Are you thinking about adding more senior resources to your security team? It may be that you are looking to create your first stand-alone security role or maybe you’re prioritizing security experience as a desired skill in your newest senior IT hire. If so, you aren’t alone. Recently, a workforce survey done by the International Information System Security Certification Consortium (ISC)2 projected that the gap for cybersecurity personnel will grow from 1.5M jobs in 2015 to 1.8M by 2022. This means that your plan to fill your position will have to be a strong one.
Finding the right security leader requires locating, qualifying, and then closing on a candidate who is operating in a turbulent seller’s market. Here are three steps that can help you succeed, while minimizing wasted time and effort.
1) Create a Sufficient Slate of Candidates
There are boutique recruiting firms that can connect you with their own network of cybersecurity personnel, but for those on a tighter budget, LinkedIn will provide plenty of fodder for your recruiting mill. At last check, over 200,000 members call out cybersecurity as a skill. To make the number of potential candidates more manageable, you can apply some filters, such as CISSP certification, industry, and years of experience.
Using the CISSP certification as a discriminator is not universally embraced, and in fact, I am not a CISSP. There are undeniably plenty of excellent security candidates who aren’t certified. However, given a dataset of over 200,000 candidates, employers with limited security expertise, and an amorphous market consensus on security skills, I recommend that organizations start with people that took time to learn and get certified on the CISSP material. In a survey of several hundred security analysts by ESG and the ISSA, 56% had acquired the CISSP and thought it was valuable.
2) Assemble a Qualified, Diverse Interview Team
It’s very difficult to interview candidates who bring an entirely new skillset to your team. In security, if you are hiring your first leader, there is probably no one on staff who will be able to ask the kind of specific questions that you need. So what to do?
You are likely to have some good resources among your vendors and your own contacts. If you are using an MSSP or are engaged with a security consultancy, they can help to create the position description and to vet the resulting candidates. If you are concerned about a potential conflict of interest, think about retaining some supplemental hours from a resource recommended by your network or your own IT people.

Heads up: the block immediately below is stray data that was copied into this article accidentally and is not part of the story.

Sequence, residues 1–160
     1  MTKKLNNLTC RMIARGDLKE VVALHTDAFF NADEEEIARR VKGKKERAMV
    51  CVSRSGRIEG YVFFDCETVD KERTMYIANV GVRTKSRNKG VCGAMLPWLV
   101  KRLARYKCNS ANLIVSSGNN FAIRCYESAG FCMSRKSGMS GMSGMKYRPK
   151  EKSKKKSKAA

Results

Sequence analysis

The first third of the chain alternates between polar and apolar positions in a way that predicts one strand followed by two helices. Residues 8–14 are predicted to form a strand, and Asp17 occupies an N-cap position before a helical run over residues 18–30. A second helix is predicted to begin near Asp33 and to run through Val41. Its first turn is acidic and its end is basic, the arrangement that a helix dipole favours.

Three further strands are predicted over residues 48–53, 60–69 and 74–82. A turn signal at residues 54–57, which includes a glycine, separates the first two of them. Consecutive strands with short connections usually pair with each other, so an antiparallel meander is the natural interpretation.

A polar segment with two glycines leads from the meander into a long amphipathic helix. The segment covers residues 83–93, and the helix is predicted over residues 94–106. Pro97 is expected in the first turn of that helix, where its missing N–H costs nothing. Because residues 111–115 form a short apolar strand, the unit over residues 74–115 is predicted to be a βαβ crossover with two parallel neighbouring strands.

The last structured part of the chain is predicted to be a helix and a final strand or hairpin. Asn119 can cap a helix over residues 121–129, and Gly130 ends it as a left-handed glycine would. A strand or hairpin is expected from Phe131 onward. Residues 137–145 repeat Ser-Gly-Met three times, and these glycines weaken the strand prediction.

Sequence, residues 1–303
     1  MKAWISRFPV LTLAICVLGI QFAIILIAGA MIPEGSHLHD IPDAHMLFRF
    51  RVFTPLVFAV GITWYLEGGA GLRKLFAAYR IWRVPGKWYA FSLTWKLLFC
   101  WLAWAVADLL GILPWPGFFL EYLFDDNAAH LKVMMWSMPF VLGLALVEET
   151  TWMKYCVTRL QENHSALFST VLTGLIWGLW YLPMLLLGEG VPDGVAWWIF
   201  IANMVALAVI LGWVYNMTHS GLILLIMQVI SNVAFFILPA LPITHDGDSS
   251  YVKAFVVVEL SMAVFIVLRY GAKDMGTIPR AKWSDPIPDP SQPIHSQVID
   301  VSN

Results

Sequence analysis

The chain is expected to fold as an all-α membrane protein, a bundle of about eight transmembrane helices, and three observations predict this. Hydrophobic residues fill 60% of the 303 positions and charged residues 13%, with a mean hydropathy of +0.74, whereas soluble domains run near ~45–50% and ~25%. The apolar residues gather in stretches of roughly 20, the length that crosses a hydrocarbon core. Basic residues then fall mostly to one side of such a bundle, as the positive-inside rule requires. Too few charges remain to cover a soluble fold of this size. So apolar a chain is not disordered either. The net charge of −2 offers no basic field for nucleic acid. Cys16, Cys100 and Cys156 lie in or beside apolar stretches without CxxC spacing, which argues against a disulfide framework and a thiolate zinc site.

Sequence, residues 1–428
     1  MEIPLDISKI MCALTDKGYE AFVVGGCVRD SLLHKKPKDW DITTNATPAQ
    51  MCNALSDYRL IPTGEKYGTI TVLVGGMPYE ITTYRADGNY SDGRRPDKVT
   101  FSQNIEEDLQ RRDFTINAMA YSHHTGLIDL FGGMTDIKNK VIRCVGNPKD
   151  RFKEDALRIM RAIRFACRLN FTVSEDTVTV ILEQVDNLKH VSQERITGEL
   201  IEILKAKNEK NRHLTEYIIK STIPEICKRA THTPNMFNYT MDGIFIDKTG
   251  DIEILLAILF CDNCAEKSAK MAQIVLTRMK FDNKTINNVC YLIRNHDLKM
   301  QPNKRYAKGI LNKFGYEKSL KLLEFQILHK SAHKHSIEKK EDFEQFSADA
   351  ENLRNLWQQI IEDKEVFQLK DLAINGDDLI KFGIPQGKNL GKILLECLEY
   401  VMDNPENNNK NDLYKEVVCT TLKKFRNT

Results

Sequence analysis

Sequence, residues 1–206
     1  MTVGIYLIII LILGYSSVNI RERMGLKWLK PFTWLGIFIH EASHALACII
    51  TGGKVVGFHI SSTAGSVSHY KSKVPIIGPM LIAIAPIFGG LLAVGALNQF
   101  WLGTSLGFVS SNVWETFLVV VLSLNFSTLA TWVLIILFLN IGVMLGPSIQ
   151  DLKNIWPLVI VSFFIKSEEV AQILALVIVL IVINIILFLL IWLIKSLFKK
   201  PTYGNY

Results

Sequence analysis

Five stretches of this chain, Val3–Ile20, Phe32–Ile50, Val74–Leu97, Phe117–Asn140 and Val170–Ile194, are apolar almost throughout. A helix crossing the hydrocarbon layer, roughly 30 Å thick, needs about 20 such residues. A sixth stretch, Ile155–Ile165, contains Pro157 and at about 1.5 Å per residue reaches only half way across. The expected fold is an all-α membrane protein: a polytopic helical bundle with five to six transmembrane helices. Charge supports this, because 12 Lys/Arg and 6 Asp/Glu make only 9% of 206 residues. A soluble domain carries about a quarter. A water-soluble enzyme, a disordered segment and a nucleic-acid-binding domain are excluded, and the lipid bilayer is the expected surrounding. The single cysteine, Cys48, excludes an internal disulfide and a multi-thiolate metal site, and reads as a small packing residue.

In an effort to get the right cultural fit, remember that security is a job that is mostly defined by the needs of the organization. Being good at security also means being good at viewing the best practices of security through the lens of your business. When constructing your interview schedule, include other department members, like Engineering or Sales personnel, who are naturally going to have differing views of how security should be done, or how much security is necessary. You aren’t looking for complete consensus, but you can quickly weed out candidates who are too opinionated, or too parochial, for your corporate culture.
3) Deliver a Meaningful Opportunity to Join
Once you have found that rare and qualified match for your needs, how can you hook their interest and emotion sufficiently to get them on board? To differentiate your offer, you will need to meet the candidate’s need for mission and income, and there are other factors that will attract the best candidates.
A study of security professionals by John Oltsik of the Enterprise Security Group (ESG) showed that most professionals are looking for opportunities to improve their knowledge and advance their careers. Whether it is a formal plan for training, or a roadmap to increased responsibility and contribution to the business, the candidate you want is undoubtedly interested in adding value beyond firewall configuration, update checking, and negotiating anti-virus contracts every 3 years. Be honest with them about your budget and the relative priority of security, and where they will sit at the strategic table. Do your best to articulate the security concerns for the organization and be open to the way that your candidate thinks protection and response will best be applied.
You have already begun....
If you have taken the time to read this far in an article about finding a security leader to improve your protection, you are ahead of many of your peers. Most people will wait for an emergency, or on the exit of a trusted resource before they consider this step. Others will burn-out existing IT staff by underestimating the burden of today’s security technologies and events. Finding the right security resource will be a challenge, but there is a growing body of qualified professionals who will be attracted to a team that takes the time to understand and communicate their security needs with the same clarity and seriousness that they bring to their job.
About the Author
Jack Danahy is the co-founder and CTO of runtime malware defense pioneer Barkly, and a 25-year innovator in computer, network, and data security. He was the founder and CEO of two successful security companies: Qiave Technologies (acquired by Watchguard Technologies in 2000) and Ounce Labs (acquired by IBM in 2009). Jack is a frequent writer and speaker on security and security issues, and has received multiple patents in a variety of security technologies. Prior to founding Barkly, Jack was the Director of Advanced Security for IBM, and led the delivery of security services for IBM in North America.